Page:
• Canada’s participation in the Convention on Wetlands of International Importance (Ramsar Convention), an intergovernmental treaty where countries agree to maintain the ecological character of their wetlands of international importance.

Two components were added to the program in 2014, when the government of Canada announced the National Conservation Plan. They were excluded from the scope of the evaluation because it was still too early to be able to assess their performance.

  • Expanding Family Oriented Conservation Programming, a $3-million investment over three years (2014 to 2017) in the Earth Rangers, to expand family-oriented conservation programming.
  • National Wetland Conservation Fund (NWCF), a five-year (2014 to 2019) $50-million funding program that supports projects aimed at restoring degraded or lost wetlands and enhancing ecological functions of existing degraded wetlands.

A detailed description can be included in Appendix A.

While each of the HCP Program components can be considered a program in its own right, they are also highly interrelated. A habitat conservation action may involve more than one program component. For example:

  • funding from the WHC Conservation Stamp Initiative can contribute to NAWMP projects
  • NACP funding may be used to support the donation of land through the EGP
  • stewardship projects funded by the NACP, NAWMP or the WHC Conservation Stamp Initiative may occur on designated Ramsar sites or on lands that were acquired under another program component, including the NACP and the EGP

The program also has close links with several other ECCC programs, including the Species at Risk Program, the Migratory Birds Program, the Protected Areas Program and the Compliance Promotion and Enforcement – Wildlife Program.

Average annual program expenditures for the six-year period from 2010-11 to 2015-16 for the five program components studied were $28.2 million, managed by approximately 17 full-time equivalent employees. Funding for grants and contributions (G&Cs) comprise the vast majority of the expenditures, representing 93% of total program spending. The NACP is the largest of the five components, accounting for approximately 78% of total spending. Table 16 shows ECCC’s total HCP Program expenditures for the five program components.

Overall accountability for the HCP Program rests with the Assistant Deputy Minister of the Canadian Wildlife Service, Environment and Climate Change Canada.

1.2 About the evaluation

 The evaluation looked at the first five program components over the period from 2010-11 to 2015-16. The evaluation team used a mixed-method approach, integrating quantitative and qualitative evidence, to assess issues related to the relevance and performance of the program:

  • a review of various types of documents pertaining to the programs, the department and the Government of Canada
  • interviews with 37 key informants, including ECCC program staff, senior management and external stakeholders
  • an online survey sent to 871 stakeholders involved in one or more of the HCP Program components, with a response rate of 19.2% (167 respondents)
  • six case studies (two projects from each of three program components: NAWMP/NAWCC [Canada], WHC Conservation Stamp Initiative and EGP)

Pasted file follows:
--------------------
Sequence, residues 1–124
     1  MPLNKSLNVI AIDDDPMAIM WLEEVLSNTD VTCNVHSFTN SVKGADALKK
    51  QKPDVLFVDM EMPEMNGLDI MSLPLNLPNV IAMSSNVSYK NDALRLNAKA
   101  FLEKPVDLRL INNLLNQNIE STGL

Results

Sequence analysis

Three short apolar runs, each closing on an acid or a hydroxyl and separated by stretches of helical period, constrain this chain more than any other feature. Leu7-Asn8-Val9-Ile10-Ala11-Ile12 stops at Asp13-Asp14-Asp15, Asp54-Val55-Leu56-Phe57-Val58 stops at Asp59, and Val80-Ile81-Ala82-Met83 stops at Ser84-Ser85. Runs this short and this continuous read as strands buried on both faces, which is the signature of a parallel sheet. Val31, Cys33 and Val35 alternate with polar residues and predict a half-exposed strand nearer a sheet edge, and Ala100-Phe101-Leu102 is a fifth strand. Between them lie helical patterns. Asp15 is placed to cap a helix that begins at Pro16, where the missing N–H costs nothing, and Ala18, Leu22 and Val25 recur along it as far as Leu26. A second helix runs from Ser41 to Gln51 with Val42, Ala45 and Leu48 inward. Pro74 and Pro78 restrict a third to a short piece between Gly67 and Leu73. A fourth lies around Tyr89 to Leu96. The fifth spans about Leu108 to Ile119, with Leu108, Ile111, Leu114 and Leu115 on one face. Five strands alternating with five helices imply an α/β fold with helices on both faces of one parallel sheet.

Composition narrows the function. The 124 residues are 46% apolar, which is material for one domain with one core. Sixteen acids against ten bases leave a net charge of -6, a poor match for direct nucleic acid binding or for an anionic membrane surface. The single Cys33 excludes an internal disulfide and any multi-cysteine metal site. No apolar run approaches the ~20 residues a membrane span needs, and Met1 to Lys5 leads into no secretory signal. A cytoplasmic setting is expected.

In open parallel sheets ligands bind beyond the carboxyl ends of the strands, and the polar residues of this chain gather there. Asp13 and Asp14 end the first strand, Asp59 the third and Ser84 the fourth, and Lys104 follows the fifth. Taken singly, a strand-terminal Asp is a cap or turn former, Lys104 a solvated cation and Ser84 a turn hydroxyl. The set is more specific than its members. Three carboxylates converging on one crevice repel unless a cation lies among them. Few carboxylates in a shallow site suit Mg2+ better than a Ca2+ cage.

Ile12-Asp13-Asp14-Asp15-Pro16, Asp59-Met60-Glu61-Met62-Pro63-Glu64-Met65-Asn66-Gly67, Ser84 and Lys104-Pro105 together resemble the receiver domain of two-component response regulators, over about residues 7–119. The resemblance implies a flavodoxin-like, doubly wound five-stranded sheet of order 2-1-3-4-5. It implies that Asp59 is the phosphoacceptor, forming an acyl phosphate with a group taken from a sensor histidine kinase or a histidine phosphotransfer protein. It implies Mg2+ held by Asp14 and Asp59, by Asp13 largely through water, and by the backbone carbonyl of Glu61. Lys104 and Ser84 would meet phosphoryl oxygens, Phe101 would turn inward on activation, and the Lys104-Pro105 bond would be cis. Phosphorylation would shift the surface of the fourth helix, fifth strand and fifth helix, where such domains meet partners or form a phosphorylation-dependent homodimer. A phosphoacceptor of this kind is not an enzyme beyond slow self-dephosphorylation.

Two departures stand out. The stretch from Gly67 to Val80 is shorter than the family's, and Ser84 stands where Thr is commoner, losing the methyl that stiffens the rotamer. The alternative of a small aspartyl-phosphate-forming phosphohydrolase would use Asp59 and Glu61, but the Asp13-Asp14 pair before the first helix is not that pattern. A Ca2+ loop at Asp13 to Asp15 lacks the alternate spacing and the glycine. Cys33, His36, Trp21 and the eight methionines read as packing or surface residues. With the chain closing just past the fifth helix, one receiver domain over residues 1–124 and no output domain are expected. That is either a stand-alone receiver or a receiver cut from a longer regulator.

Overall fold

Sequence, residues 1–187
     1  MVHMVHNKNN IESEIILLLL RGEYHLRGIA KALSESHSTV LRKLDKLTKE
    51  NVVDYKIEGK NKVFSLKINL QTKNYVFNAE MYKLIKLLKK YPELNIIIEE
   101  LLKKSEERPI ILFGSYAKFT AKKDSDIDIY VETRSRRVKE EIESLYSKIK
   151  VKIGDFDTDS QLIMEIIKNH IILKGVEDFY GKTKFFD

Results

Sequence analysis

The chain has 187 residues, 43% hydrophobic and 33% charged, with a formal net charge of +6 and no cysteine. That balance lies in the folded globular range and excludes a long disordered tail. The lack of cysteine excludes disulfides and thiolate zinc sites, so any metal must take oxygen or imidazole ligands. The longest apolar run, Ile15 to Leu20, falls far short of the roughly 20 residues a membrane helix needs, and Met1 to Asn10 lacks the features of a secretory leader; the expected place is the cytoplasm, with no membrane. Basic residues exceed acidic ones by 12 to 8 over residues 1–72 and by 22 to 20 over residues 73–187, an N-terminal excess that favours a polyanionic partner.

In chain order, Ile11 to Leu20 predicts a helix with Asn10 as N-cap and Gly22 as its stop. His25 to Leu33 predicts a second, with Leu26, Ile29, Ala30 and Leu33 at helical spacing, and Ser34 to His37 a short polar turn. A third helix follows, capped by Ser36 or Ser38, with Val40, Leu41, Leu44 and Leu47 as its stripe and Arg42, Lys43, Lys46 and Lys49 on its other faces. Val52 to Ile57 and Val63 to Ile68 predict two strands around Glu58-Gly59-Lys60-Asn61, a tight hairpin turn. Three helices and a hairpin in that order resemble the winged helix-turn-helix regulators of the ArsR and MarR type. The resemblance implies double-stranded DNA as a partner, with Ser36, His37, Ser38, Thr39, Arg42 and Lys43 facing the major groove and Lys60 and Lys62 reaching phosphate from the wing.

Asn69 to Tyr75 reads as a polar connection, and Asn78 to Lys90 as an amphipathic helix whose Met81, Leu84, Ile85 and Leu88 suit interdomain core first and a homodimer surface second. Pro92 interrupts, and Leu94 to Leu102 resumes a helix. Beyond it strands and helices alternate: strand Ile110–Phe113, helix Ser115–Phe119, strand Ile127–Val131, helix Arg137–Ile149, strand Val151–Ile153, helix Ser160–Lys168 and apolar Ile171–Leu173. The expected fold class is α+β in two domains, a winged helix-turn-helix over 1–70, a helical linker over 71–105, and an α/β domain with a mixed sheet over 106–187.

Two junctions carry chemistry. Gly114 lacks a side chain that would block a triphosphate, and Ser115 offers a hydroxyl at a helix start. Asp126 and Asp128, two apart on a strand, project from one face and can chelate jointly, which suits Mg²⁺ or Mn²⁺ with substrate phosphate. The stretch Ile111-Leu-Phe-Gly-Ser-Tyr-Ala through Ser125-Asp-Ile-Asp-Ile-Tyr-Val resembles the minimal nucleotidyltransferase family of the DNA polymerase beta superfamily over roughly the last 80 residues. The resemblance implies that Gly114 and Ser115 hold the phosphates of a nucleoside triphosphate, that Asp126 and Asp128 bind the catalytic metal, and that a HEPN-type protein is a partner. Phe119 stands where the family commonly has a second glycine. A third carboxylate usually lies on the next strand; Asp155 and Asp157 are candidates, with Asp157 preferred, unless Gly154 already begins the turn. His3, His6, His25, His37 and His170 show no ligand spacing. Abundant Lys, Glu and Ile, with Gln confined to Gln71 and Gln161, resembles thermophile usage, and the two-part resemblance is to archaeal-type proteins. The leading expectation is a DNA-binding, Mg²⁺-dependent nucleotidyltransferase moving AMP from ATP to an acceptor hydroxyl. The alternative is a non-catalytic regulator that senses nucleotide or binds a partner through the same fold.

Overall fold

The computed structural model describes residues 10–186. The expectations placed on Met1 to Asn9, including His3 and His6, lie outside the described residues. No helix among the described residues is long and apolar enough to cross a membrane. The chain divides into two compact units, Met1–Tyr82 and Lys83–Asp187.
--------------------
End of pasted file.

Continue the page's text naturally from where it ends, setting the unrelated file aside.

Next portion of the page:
A detailed description of the evaluation questions and methodology is included in Appendix C.

Table 1 outlines the limitations encountered while conducting the evaluation and the strategies put in place to mitigate their impact.

Table 1: Evaluation limitations and mitigation strategies
Limitations Mitigation strategies

The ability to develop meaningful conclusions from the overall program perspective proved challenging. The individual program components are very different and are delivered in a relatively autonomous manner. As well, few stakeholders were able to comment from an informed position on the overall program.

  • The analysis focused mostly on the findings for each component.
  • Where possible, the information was aggregated to provide an overall evaluation of the program’s relevance and performance.

The bulk of the data collection for the evaluation was completed by March 31, 2015. However, resource constraints within ECCC’s Audit and Evaluation Branch resulted in delays in the analysis and report-writing phase. These delays introduced concerns that the data collected may be dated.

  • The evaluation team reviewed supplementary documents such as financials for 2015-16 and more recent program documentation and performance data.
  • The new information was incorporated into the report findings.
  • Program representatives were consulted to validate the accuracy of the findings.

Key findings are presented in the next three sections. A rating is provided for each core issue assessed, based on a judgment of the evaluation findings. The rating statements and their significance are outlined in Table 2. A summary of ratings for the evaluation questions is provided in Appendix D.

Table 2: Definitions of standard rating statements
Statement Definition
Expectations met The intended outcomes or goals have been achieved.
Further work required Considerable progress has been made to meet the intended outcomes or goals, but attention is still needed.
Priority attention required Insufficient progress has been made to meet the intended outcomes or goals and attention is needed on a priority basis.
Unable to assess Insufficient evidence is available to support a rating.